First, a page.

Five Questions with Basheer Tome: Hardware Interface Designer at Google

Basheer Tome’s first job was editing for a photography studio. “It’s hard to say what convinced them to hire me,” he says, “but I did have a solid Star Wars forum signature featuring a hand-photoshopped lightsaber.” After stints creating automotive interfaces and programmable materials for Jaguar, Lexus, and New Balance, he now combines filmmaking tools, electronics prototyping, and form-finding techniques to create “hardware interfaces that give physical form to digital interactions” at Google.

At the January In/Visible Talks conference, Basheer will be talking to us about the challenges of designing in a fast-moving, tech-driven world and “Faking the Future.” As a teaser, today we get some insights into his creative process.

What is your relationship to the creative process?

“A lot of my job is a combination of (a) protecting the creative process by helping others understand how much of an actual process it is, and convincing them to treat and respect it much more like a science, and (b) helping to infuse the creative process into the rest of our disciplines. Some of the hardest engineering and product challenges can be and have been solved creatively.”

How or where to you find inspiration?

“I find a lot of my inspiration in food. From restaurants, to cooking, to farming, to film, it’s an incredibly important and rich thread to follow that cuts across technology, society, culture, and art.”

When did you first realize you needed to be in a creative field?

“I was Pre-Law up until my second year of Industrial Design school. The assignment was to re-design a kitchen timer with the choice of disassembling a mechanical timer to re-package with our shell design or to make a dummy foam mockup of a digital one. I wanted to make a round, rotating, digital timer that was a mix between analog and digital. When my professors and I got to an impasse about ‘not picking sides’, I decided to stick with it and build an electronic prototype to prove them wrong. By the time I was done, I realized how much fun I had: design could be about more than aesthetics but also how something works. That’s when I fell truly in love and never turned back.”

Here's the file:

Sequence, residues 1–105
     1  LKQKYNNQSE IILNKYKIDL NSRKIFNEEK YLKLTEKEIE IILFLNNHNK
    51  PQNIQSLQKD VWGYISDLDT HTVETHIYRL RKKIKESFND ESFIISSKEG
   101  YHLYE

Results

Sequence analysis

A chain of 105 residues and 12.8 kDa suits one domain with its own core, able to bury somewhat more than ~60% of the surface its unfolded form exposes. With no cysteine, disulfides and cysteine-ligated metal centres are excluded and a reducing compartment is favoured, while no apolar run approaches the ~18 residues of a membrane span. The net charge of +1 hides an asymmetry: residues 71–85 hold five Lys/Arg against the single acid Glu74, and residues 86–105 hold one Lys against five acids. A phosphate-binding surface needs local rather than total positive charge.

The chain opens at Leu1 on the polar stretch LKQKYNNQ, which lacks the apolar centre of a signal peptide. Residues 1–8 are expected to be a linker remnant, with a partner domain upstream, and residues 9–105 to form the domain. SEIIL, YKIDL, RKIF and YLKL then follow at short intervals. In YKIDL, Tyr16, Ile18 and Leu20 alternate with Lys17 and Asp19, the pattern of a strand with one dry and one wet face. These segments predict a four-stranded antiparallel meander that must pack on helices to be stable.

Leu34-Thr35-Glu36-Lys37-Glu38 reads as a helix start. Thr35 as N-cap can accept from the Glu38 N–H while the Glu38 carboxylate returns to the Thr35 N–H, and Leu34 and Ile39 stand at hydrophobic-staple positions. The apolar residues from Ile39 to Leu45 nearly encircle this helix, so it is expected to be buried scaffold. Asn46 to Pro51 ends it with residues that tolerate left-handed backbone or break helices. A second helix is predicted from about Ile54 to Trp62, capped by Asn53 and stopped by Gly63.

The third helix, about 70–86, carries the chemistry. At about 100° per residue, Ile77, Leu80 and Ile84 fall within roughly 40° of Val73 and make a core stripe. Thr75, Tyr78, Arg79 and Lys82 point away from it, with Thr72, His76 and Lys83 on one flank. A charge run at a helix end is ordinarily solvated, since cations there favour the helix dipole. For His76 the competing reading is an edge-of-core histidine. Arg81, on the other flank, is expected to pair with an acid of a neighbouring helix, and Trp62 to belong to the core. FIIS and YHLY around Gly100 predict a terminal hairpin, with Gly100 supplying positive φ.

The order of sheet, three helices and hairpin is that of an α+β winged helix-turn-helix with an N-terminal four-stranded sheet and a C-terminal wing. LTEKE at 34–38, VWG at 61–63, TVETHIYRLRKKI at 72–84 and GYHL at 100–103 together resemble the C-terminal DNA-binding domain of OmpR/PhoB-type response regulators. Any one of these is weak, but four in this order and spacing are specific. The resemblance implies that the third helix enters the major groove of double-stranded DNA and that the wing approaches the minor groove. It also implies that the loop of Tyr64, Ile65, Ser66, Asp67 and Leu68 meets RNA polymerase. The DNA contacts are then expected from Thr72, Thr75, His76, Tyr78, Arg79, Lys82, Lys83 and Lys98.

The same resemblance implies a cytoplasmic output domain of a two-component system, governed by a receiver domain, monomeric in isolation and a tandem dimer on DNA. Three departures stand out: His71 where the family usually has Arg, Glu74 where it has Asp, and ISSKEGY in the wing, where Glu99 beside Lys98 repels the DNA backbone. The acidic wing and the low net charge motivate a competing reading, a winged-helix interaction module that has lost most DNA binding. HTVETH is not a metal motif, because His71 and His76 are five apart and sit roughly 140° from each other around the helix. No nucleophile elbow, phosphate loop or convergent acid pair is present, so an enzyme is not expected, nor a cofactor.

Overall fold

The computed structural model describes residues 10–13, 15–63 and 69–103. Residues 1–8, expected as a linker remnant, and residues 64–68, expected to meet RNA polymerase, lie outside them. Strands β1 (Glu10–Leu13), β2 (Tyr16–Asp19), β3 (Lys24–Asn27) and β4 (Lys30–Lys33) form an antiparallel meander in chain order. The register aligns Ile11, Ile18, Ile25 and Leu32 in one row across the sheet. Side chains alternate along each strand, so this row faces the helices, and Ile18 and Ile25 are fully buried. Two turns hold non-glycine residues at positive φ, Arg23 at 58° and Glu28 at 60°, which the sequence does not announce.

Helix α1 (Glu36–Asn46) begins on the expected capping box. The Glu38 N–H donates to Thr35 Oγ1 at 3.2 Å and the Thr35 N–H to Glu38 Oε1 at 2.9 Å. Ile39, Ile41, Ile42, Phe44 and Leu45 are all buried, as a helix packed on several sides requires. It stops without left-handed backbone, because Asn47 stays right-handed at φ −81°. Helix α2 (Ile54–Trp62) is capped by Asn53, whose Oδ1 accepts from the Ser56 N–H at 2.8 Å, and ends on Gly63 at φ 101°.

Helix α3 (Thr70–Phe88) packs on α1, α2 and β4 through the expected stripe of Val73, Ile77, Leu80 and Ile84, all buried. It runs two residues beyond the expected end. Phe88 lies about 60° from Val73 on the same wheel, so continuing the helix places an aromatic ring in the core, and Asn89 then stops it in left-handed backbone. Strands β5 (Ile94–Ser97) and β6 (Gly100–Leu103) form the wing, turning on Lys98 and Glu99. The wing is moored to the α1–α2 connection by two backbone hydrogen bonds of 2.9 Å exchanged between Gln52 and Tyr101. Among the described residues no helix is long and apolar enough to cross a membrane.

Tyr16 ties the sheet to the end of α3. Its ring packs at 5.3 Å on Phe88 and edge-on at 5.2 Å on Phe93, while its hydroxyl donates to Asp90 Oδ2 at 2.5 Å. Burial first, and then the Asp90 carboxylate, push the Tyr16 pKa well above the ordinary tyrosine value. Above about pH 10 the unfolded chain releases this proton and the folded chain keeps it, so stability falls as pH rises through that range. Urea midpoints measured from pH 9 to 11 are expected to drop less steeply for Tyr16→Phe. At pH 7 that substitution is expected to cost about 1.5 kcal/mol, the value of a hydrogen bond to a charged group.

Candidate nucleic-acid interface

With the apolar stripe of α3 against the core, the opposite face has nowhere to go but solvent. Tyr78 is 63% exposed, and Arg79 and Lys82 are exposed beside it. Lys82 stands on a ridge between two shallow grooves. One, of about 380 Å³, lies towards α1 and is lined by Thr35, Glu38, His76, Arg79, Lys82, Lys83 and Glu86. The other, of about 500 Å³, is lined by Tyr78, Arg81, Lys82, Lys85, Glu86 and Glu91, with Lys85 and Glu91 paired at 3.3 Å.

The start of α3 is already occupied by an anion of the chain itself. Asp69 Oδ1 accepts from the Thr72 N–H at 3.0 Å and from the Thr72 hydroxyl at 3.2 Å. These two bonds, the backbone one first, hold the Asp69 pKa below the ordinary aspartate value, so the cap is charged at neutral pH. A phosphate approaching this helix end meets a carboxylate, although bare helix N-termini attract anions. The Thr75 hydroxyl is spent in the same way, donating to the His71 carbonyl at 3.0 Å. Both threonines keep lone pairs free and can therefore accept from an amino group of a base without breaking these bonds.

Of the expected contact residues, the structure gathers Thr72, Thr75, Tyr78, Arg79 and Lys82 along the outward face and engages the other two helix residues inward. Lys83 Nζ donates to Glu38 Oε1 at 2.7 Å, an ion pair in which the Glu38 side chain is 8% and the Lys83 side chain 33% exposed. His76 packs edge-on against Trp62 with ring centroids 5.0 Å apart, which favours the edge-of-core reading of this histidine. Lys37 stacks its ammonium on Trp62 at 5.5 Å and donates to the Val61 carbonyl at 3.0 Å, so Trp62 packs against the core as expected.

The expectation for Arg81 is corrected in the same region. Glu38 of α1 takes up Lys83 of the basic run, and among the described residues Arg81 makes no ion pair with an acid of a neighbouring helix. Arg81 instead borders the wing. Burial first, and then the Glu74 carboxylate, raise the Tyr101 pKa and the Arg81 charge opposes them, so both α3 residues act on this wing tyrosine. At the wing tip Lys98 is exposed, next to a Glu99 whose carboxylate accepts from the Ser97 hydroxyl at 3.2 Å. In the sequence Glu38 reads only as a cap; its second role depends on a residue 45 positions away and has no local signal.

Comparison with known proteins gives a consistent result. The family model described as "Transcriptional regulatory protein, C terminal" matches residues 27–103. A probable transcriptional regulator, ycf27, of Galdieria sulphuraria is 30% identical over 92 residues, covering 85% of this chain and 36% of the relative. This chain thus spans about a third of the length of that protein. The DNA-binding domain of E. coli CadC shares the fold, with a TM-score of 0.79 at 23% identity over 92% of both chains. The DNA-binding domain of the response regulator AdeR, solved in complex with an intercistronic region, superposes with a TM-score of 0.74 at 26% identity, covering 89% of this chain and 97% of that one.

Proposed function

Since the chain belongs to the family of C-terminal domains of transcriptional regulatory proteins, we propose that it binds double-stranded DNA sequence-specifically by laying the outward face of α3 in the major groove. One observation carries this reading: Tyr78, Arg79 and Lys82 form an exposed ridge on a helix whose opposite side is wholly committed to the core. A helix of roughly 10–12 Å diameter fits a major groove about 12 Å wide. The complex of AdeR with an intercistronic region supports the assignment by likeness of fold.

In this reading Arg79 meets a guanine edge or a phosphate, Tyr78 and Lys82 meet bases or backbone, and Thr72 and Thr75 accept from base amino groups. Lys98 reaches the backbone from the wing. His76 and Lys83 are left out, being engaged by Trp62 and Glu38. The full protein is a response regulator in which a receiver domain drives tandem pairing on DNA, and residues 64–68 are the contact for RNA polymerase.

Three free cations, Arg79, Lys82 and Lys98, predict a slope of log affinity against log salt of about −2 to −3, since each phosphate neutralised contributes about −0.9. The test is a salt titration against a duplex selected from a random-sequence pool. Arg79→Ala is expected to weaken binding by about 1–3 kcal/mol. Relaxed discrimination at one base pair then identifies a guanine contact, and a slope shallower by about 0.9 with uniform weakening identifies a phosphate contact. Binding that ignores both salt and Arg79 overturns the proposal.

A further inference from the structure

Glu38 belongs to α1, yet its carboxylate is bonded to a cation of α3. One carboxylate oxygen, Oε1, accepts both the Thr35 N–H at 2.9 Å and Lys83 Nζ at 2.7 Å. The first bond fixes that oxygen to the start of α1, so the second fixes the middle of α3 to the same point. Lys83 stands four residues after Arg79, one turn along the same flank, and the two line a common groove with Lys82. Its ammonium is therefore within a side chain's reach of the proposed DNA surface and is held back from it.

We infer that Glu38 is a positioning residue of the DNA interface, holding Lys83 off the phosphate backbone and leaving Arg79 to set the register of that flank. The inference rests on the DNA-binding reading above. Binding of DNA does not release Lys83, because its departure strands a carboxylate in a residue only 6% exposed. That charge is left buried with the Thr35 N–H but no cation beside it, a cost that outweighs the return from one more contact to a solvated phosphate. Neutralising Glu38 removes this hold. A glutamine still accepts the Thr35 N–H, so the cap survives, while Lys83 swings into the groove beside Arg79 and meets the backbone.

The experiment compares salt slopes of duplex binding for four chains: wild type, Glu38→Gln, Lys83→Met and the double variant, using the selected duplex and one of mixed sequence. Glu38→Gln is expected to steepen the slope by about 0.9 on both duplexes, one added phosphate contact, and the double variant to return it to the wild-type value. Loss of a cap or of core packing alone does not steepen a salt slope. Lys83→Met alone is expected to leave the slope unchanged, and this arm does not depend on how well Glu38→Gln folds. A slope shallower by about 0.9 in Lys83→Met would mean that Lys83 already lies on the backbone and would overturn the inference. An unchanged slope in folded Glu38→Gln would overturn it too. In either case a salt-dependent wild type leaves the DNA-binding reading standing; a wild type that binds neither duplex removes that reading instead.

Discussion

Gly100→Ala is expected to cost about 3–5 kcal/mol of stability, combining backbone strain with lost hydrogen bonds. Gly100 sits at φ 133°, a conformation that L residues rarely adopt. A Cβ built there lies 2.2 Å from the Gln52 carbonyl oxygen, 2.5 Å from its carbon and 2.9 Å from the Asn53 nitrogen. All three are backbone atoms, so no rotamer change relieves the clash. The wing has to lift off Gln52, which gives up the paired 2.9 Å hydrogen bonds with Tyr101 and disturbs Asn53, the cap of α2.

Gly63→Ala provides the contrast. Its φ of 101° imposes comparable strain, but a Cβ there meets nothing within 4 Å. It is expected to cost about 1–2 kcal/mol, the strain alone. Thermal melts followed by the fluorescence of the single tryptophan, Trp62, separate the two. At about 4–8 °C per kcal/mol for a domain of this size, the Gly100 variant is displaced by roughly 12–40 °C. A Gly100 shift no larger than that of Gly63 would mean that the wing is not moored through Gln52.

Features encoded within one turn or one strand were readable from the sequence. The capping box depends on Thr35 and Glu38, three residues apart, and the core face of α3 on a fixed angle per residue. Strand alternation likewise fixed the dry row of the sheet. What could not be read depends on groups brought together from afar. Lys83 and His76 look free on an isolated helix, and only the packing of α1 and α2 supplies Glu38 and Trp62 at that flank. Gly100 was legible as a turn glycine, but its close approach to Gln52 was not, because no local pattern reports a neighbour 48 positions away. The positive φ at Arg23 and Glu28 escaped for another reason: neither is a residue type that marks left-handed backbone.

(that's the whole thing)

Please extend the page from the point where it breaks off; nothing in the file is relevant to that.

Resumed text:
Who is one of your heroes and why?

“The Spanish chef Ferran Adrià has been a huge inspiration for years. He’s able to so intensely incorporate science into his process and yet, unlike so many others, it hasn’t even come close to compromising his creativity and poetic vision. All the above combined with his meticulous note-taking and extreme focus on sharing his methodologies easily makes him one of my top heroes.”

What’s your favorite color?

“Over the years it’s wandered from mint to avocado to now more of wasabi, but it’s always been green.”

BONUS ROUND: What’s on your current playlist?

“I like listening to what I call ‘Sunday Club’ music: something with a beat, ideally some real instruments in there, not too intense or aggressive, and mostly devoid of vocals. My favorites are Bonobo, Odesza, Jon Hopkins, and Gramatik.”

Artist/Designer Brian Singer recently left the corporate world to pursue cool side projects. Learn about his creative process in this lively Q&A—and at January’s In/Visible Talks conference!